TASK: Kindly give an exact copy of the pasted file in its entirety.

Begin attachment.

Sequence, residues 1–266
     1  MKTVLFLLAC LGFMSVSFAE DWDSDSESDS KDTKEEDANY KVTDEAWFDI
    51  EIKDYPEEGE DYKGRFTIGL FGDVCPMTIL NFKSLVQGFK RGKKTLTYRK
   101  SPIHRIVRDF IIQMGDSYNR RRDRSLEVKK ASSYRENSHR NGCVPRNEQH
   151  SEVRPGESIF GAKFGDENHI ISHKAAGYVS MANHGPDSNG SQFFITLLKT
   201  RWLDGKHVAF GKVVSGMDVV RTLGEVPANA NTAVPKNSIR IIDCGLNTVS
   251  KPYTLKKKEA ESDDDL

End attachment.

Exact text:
Sequence, residues 1–266
     1  MKTVLFLLAC LGFMSVSFAE DWDSDSESDS KDTKEEDANY KVTDEAWFDI
    51  EIKDYPEEGE DYKGRFTIGL FGDVCPMTIL NFKSLVQGFK RGKKTLTYRK
   101  SPIHRIVRDF IIQMGDSYNR RRDRSLEVKK ASSYRENSHR NGCVPRNEQH
   151  SEVRPGESIF GAKFGDENHI ISHKAAGYVS MANHGPDSNG SQFFITLLKT
   201  RWLDGKHVAF GKVVSGMDVV RTLGEVPANA NTAVPKNSIR IIDCGLNTVS
   251  KPYTLKKKEA ESDDDL